There are currently three platforms (Palm, H/PC, and H/PC pro) and three processors you can compile for, x86, SH3, and MIPS. Note that there actually aren't any x86 Windows CE devices. Compiling for the x86 platform is actually the format that the on-screen CE emulator uses. I guess that's smart on MS's part to do it that way, as emulating another processor would make debugging slow. As it stands, debugging with the on-screen emulator is pretty quick.
Apparently MS is doing some weird tweaking with their on-screen CE emulators, because they only run on NT, and they don't run in a window. They instead draw themselves directly to the upper-right corner of the screen. They seem to coexist with the debugger fairly well, but I wish MS would've gotten 'em working in a window.
You can debug CE apps on the devices themselves via the serial port. It's actually pretty cool, but it's got a couple of problems. First off, it's about as slow as you would expect debugging via the serial port would be. Second, you've gotta remember that the CE device has its own processor. While debugging a test app, I set a breakpoint on the mouse-click routine. I then tapped the screen. Nothing happened, so I tapped the screen a couple more times. Turns out that it took several seconds for the breakpoint to manifest in the debugger. After hitting "go", my breakpoint hit again as the device sent along my extra clicks. Thankfully, debugging on the device shouldn't be something I'll too to often. The emulator seems to work, and it's much faster.
The CE palm (Pilot clone) devices are very different from the ones with the little keyboards. The version of Windows on the keyboarded versions (called H/PC and H/PC pro by Microsoft) is quite similar to Windows. You launch, load, and kill apps just like ordinary Windows. Loaded apps appear on the taskbar just like ordinary Windows. It's quite familiar, and anyone who knows Windows could adjust to it very quickly. The palms, however are a bit odd. For one thing, you don't have to program a "quit" behavior in your apps, because the apps don't really ever quit! From what I can see, once you launch an app, it pretty-much runs forever. If you re-launch the app from the "start" menu, it just switches to the one currently in memory. You can throw the app outta memory via the control panel, but I think that's only a last resort for a crashed app or if you're running low on memory. Such a thing is certainly gonna force me to change my thinking a bit.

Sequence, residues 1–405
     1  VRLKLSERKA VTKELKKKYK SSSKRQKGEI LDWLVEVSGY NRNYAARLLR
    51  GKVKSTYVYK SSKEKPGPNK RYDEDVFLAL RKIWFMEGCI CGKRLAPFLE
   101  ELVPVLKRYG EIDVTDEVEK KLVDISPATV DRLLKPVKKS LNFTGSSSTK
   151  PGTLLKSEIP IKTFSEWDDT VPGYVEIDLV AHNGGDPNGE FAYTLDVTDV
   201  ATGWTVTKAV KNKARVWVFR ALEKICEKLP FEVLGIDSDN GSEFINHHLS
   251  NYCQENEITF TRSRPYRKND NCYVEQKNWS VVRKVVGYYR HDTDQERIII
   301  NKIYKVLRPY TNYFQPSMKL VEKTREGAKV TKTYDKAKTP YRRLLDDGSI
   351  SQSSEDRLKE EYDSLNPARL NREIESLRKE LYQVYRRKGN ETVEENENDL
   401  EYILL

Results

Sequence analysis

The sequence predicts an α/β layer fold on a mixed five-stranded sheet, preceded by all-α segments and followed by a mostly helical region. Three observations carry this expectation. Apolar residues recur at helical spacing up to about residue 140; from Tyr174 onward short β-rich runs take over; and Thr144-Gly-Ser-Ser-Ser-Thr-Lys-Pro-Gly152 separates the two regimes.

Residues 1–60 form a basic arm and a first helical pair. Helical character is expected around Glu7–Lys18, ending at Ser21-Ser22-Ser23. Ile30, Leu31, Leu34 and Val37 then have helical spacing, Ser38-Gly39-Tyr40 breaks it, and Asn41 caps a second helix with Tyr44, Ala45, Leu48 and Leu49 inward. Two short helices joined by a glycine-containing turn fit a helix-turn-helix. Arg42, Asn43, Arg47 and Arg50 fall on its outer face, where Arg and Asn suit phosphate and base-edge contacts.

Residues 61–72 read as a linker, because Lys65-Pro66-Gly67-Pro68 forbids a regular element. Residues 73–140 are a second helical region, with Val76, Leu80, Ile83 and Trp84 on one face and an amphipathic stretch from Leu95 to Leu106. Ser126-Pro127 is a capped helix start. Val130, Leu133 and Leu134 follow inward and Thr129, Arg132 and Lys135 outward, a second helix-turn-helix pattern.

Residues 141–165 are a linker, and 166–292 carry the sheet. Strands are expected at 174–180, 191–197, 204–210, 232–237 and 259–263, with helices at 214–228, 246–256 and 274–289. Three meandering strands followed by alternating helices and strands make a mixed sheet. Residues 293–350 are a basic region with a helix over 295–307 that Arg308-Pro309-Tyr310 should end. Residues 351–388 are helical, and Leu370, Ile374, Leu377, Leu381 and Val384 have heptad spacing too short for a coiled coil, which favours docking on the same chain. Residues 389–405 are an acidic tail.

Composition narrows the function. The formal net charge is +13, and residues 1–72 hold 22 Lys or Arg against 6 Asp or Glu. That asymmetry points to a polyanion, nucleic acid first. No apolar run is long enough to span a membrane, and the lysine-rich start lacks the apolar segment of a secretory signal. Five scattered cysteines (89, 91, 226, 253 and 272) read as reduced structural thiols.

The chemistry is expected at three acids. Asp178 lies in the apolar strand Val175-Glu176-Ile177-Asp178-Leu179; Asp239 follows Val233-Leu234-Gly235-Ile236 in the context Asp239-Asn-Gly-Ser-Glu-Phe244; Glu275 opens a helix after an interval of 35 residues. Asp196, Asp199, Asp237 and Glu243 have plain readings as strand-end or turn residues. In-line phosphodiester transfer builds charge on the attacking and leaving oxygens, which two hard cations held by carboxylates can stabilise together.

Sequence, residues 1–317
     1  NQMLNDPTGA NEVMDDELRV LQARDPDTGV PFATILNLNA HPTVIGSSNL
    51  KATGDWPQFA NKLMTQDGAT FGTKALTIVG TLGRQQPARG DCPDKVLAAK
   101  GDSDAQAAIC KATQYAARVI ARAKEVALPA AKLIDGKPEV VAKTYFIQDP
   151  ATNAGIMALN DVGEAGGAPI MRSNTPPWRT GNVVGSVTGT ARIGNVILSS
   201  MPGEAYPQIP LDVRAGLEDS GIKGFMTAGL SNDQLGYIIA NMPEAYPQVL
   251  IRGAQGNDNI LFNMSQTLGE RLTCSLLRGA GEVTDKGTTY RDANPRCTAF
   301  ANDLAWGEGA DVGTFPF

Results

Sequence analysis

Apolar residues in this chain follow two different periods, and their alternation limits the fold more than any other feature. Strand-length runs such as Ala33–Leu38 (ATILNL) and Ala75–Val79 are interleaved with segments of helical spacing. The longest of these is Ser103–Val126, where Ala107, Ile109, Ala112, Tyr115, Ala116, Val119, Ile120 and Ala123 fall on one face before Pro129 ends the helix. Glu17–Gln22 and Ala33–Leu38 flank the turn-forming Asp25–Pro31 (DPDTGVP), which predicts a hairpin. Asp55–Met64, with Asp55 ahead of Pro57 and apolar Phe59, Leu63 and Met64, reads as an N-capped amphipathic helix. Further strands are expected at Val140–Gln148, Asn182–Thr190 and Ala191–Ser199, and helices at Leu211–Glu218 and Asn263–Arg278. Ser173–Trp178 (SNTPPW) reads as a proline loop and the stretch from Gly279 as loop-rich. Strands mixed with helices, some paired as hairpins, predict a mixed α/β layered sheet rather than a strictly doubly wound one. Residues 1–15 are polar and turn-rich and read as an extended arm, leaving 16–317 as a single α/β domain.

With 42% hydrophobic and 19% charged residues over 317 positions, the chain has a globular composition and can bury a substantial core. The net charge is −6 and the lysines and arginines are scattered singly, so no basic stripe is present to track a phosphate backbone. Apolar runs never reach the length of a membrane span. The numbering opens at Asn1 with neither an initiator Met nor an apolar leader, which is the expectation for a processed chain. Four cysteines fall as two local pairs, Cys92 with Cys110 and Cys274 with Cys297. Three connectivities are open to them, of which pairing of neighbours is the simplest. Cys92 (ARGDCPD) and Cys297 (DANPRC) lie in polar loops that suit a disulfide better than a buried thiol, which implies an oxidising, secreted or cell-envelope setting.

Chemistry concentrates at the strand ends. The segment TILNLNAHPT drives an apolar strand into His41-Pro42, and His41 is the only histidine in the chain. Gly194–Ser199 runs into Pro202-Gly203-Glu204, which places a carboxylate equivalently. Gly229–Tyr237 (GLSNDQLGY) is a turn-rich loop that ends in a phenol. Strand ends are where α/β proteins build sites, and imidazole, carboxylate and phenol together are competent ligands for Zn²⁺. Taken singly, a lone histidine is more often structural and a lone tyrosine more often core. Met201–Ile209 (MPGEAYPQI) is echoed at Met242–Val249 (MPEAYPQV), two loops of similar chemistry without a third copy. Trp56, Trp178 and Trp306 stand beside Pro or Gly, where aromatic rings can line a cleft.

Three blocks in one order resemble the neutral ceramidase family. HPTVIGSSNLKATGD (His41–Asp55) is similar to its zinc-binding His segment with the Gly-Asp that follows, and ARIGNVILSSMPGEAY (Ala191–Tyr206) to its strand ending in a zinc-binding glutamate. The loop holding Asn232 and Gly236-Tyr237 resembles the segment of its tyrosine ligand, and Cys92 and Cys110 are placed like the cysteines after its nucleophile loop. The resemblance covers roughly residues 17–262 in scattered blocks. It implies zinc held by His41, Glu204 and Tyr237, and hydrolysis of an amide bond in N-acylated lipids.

The handwriting recognition is indeed easy to learn. The CE recognition is based on "Jot", which is very similar to the Pilot's Graffiti. The only difference I can see is that there are more strokes to define letters. This will probably make it easier to learn than Graffiti, but more prone to misses. The online help for Jot is cool, animating the strokes necessary for the letter you specify, but it doesn't seem appreciably more useful than the Pilot's little on-screen reference card. One thing that's nice is that the writing area is actually part of the LCD rather than a separate pad below the screen, as on the Pilot. This has a couple of big advantages. First, if your app doesn't require text input, you can turn off the pad and get a much larger screen. Also, you can replace the recognition system if you want. For example, you can opt for a little keyboard or a couple of third-party Jot replacements. Doing the same thing on the Pilot would require putting an overlay over the handwriting area.
Windows CE is a Unicode-only beast, and Unicode is gonna be the biggest brain-changer of all. Just to test, I threw in a couple of MessageBoxes on one of the test apps. The compiler immediately complained "you silly tiny-brained person, strings are not made of chars. They're made of shorts."
MS has a TEXT() macro which does the conversion, but I'm certain I'll do this a hundred times before I get used to it. Getting a good String class that automatically converts is gonna be the first thing on the docket :)